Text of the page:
Don Montero (William Montero Jr)
William (Don) Montero Jr. was born in 1936, Honolulu, Hawaii. At the age of 6 he began studying Judo & Ju Jitsu with Professor Seishiro Okazaki while under the direct instruction and responsibility of Johnny Sing, an instructor of the Mui Mikimiki Club at the Kodenkan. Later in San Jose, CA he continued to study under his father, Bill Montero when he opened Pacific Judo Academy. At the age of 16 (1952) he received his Black Belt (shodan) in Danzan Ry Ju Jitsu, making him the youngest individual to receive a First Degree Degree Black Belt rank in the system. A year later (1953) he received his Black Belt
(shodan) in Judo from the Hokka Yudanshakai and was also recognized through certification by the Kodokan in Tokyo, Japan, not only for his first Black Belt rank but all those to follow.
His martial arts career began with Danzan Ryu Ju Jitsu and while he continued to study the art, he began competing in Judo, locally, regionally, and nationally. He excelled at all levels and became known as a strong and respected competitor in the sport. Over the years he received multiple awards and one such award was when he was named “Outstanding Judoka for 1962” by the Hokka Yudanshakai. That award was made for overall record achievement and sportsmanship on the mat, meaning as a judoka (practitioner of Judo) and off the mat, as an individual based on personal accomplishments for himself and others. Later when asked about that award he said: “I was dumbfounded and didn’t know what to say. To me such an award means more than just randori, it is a symbol of respect and I shall do my most to uphold it”. And that he did, as a competitor and as a coach. Later, he went on to coach children, teenagers and adults in judo. He formed a Judo and team they competed at local, regional and national level tournaments, always bringing back a high number of trophies. His training was intense, often including over an hour of running every morning and two hours of practice most nights. But his philosophy with regard to Judo was that is should be fun. Still, he expected a serious commitment by all his competitors, who, obviously understood that they represented Pacific Judo Academy.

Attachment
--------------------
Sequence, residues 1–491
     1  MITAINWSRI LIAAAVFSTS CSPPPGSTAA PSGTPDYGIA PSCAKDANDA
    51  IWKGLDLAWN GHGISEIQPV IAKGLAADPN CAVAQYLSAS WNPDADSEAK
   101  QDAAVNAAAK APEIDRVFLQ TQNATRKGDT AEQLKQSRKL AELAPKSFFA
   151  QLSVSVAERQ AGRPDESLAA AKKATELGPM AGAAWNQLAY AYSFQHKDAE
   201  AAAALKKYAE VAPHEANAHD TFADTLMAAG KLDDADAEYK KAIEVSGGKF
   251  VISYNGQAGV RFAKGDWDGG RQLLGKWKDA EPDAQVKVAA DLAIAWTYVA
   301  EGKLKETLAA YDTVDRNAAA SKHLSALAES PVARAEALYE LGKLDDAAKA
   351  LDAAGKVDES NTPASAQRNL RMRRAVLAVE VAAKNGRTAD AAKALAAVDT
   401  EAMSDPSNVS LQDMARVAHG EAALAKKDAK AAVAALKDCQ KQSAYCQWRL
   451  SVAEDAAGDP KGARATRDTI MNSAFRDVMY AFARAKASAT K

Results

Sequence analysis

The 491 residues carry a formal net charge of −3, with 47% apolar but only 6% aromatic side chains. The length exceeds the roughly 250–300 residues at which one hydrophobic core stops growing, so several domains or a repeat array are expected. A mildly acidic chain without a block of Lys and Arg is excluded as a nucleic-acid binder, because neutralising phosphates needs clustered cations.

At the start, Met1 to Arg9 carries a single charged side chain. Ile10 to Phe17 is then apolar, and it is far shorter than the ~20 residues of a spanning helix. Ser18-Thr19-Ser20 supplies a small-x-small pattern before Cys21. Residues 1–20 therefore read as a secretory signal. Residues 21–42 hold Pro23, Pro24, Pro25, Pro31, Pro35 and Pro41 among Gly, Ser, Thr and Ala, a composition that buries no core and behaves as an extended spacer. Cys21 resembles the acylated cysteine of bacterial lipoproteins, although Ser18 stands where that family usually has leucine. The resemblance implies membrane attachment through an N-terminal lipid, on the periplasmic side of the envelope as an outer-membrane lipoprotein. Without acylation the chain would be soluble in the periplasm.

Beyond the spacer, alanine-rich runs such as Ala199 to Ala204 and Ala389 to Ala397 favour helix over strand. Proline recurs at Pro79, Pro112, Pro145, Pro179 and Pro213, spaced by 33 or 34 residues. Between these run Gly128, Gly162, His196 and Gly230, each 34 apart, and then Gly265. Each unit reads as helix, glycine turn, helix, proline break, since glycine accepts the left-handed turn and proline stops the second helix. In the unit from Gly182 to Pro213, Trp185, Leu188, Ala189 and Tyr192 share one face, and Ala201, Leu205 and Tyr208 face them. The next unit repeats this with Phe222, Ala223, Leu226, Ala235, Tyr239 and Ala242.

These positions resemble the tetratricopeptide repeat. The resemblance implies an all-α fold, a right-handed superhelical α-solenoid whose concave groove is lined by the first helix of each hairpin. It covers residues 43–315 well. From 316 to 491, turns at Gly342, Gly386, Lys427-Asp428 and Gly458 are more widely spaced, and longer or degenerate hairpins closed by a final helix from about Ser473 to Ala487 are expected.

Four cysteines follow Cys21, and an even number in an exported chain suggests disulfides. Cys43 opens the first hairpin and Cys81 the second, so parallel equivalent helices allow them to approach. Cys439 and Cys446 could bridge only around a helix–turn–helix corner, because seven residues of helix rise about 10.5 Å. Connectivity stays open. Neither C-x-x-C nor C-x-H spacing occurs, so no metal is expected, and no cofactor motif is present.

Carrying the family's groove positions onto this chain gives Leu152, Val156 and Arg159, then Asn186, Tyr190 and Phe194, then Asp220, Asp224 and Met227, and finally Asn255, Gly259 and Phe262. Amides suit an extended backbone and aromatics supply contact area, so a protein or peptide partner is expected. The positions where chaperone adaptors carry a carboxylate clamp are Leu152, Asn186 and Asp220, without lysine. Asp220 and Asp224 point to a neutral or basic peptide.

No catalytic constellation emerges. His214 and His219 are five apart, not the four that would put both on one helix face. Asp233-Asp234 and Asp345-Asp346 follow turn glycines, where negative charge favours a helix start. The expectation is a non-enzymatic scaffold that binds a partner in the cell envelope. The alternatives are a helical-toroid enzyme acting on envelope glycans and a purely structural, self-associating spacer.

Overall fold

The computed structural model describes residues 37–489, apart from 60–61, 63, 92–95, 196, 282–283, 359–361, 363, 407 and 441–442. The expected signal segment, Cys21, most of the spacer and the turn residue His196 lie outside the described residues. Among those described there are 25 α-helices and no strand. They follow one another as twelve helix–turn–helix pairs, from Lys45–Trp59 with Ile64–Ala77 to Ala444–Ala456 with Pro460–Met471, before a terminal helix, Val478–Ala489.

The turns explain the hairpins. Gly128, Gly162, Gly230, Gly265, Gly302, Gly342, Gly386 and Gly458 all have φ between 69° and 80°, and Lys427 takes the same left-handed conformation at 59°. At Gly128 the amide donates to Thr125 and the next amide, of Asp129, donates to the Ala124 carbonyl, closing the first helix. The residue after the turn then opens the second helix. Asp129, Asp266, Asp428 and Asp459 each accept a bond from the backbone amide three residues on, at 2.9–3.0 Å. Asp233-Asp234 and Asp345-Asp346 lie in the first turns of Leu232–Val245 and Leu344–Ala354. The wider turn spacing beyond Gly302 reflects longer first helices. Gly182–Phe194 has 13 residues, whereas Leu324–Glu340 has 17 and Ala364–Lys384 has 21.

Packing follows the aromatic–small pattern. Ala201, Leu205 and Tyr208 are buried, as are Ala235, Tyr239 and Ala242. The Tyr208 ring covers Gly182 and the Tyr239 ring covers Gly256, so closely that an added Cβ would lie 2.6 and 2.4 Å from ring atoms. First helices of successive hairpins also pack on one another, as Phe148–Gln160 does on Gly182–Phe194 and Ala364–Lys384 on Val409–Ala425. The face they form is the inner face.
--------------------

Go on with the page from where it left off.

Don Montero retired from the arts in 1978 and relocated to Colorado Springs, CO, where in 1981 he was joined by his father and mother who also chose to retire there. In 1992, just days prior to his father passing away he was asked by him to visit Pacific Judo Academy, by then Pacific Judo & Ju Jitsu Academy, to assist in it’s direction and continuation. It was there that a teacher / student bond was formed between him and Angelo Caruana; one that would last and grow in spite of geographical distance. Today, Don Montero still plays an active role in PJJA as teacher, coach, and mentor.